The Stages of Spelling
Teachers typically get children started writing in kindergarten. If children had to concentrate on correct spelling in the early years, however, they would do very little significant writing. Spelling is the last of the teacher's concerns as a child's writing moves from scribbles and pictures to actual letters. "The bebe is hape" (the baby is happy) has to be seen as a wonderful piece of writing.
The period of transition from inventive spelling to traditional spelling is generally about two to three years. By the end of the second grade and certainly in the third grade, most children are well along in conventional spelling. But pushing them there too soon will likely diminish their enthusiasm for writing.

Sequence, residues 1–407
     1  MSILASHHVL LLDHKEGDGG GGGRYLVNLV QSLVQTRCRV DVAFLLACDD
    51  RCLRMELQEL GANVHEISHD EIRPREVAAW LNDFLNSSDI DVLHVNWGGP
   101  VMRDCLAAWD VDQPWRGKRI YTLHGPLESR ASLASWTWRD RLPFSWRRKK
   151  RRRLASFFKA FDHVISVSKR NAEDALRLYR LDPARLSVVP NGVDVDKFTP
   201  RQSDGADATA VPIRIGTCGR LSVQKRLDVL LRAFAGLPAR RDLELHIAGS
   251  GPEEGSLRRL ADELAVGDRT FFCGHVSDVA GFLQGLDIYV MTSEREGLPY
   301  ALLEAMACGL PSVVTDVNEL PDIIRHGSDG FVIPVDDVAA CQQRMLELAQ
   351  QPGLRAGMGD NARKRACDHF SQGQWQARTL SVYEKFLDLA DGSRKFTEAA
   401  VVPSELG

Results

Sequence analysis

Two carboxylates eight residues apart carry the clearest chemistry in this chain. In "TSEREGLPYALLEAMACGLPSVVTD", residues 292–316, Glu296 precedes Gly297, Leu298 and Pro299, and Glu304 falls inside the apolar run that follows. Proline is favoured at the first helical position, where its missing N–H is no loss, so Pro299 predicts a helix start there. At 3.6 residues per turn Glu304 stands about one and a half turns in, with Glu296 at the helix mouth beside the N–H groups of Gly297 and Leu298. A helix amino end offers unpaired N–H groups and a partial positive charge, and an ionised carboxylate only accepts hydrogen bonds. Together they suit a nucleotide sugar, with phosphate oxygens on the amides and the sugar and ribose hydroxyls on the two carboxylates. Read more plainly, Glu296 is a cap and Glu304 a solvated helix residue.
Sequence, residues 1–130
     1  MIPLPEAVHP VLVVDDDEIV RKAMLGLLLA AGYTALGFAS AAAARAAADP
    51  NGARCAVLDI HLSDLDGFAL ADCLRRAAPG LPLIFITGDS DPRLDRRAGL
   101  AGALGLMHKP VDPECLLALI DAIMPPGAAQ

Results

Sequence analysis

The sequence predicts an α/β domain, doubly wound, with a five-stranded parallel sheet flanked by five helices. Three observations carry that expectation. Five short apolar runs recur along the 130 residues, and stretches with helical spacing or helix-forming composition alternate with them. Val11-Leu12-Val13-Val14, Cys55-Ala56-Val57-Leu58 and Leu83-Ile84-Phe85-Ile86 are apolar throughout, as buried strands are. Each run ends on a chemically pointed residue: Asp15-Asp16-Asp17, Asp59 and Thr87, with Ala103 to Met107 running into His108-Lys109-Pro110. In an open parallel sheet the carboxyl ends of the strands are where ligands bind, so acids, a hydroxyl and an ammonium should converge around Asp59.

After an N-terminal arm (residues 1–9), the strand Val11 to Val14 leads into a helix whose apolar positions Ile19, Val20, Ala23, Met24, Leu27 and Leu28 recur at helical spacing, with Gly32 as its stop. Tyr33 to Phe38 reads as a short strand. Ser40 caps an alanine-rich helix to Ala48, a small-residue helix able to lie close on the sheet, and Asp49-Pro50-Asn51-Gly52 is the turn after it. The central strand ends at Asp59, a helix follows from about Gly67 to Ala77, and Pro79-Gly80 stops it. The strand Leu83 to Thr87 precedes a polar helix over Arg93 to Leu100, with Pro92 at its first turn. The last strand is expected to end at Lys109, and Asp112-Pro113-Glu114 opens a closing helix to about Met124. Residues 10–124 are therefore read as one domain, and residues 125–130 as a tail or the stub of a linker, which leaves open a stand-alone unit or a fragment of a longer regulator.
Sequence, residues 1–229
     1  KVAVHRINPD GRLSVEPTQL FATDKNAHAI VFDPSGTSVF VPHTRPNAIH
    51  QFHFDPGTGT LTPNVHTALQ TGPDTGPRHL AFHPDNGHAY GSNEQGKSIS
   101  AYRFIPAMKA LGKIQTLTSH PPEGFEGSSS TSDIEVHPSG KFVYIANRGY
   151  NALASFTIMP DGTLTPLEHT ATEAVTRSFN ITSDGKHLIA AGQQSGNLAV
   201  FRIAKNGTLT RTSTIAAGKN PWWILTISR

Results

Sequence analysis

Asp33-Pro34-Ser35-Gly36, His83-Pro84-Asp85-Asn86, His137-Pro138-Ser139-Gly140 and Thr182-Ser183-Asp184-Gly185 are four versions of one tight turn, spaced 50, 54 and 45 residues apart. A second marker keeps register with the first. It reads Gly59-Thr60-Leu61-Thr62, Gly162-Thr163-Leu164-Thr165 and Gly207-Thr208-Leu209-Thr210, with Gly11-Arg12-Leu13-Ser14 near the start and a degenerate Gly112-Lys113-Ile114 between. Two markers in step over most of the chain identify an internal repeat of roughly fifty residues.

In the transitional period, teachers will send notes to children using correct spelling without stressing the difference. For instance, a child's entry in her writing journal might be: "I hve a cat. He ets gras. I lik him." The teacher's response would be: "It is funny to see a cat eat grass. I wish my cat would eat grass. I like my cat. He drinks milk and eats cat food. What color is your cat? What other funny things does your cat do?" Notice that the teacher's response spells have, grass, eat, and like correctly, while accepting the child's work as it was written. The teacher also invites the child to write more about her cat, with her questions serving as a structure.
Reprinted from the series 101 Educational Conversations by Vito Perrone, published by Chelsea House Publishers.
Copyright 1994 by Chelsea House Publishers, a division of Main Line Book Co. All rights reserved.